The City of Victoria will decide on returning the top of Beacon Hill to local First Nations at a meeting this week. The area is where the Checkers Pavilion currently sits.
The motion recommending the city return the top of Beacon Hill to Esquimalt and Songhees First Nations was put forward by Victoria Coun. Marianne Alto.
Mayor Lisa Helps and Coun. Charlayne Thornton-Joe are supporting Alto’s motion.
Returning the hilltop to local First Nations is a “tangible, powerful act of reconciliation,” Alto said in her report to council. The idea stems from the Truth and Reconciliation Commission’s call for action from municipalities.
The boarded-up Checkers Pavilion will be removed and replaced with a Long House, which would be used for First Nations cultural and educational activities.
According to Alto, the Long House would be about the same size as the pavilion. The city would retain ownership of the land but would enable perpetual use for a Long House.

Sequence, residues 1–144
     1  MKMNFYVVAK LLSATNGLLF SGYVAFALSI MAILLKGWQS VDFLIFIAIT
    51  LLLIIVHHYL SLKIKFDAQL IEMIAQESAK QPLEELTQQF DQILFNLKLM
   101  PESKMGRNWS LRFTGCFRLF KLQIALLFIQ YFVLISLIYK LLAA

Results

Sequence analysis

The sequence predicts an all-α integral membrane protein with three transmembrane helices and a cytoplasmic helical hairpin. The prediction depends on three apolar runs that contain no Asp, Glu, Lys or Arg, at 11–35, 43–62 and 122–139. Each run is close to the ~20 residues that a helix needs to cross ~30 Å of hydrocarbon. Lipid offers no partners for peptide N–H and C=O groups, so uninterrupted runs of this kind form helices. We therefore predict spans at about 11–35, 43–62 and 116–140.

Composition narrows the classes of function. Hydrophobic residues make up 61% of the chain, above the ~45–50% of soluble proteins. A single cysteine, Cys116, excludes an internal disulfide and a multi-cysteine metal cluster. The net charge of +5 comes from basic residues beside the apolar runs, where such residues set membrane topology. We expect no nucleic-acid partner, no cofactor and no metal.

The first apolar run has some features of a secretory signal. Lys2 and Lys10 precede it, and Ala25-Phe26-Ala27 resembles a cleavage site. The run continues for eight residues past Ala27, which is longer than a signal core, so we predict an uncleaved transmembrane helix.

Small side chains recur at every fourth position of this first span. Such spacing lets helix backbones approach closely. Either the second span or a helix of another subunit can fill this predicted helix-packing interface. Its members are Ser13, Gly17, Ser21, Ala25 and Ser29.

The public will also have access to observe the activities in the Long House, except for
occasions of cultural significance. One of the concepts behind the initiative is to provide an
opportunity for broad learning about modern and historical First Nations activities on the site.
It is being recommended the remaining $32,000 in the city’s strategic priorities fund should be used to remove the pavilion and to expedite the longhouse proposal.
The City has determined that rebuilding the Checkers Pavilion would be a major remediation
project, due to its advanced state of decay and disrepair.
The Checkers Pavilion has not been in active use since the 1970s and was boarded up in 1995, after it was considered unsafe to enter.
The City of Victoria has already set aside land on the slope immediately to the southeast of the hilltop. The area is traditional lands of the Lekwungen People and will be used for re-burial of First Nations remains uncovered during excavations throughout the City.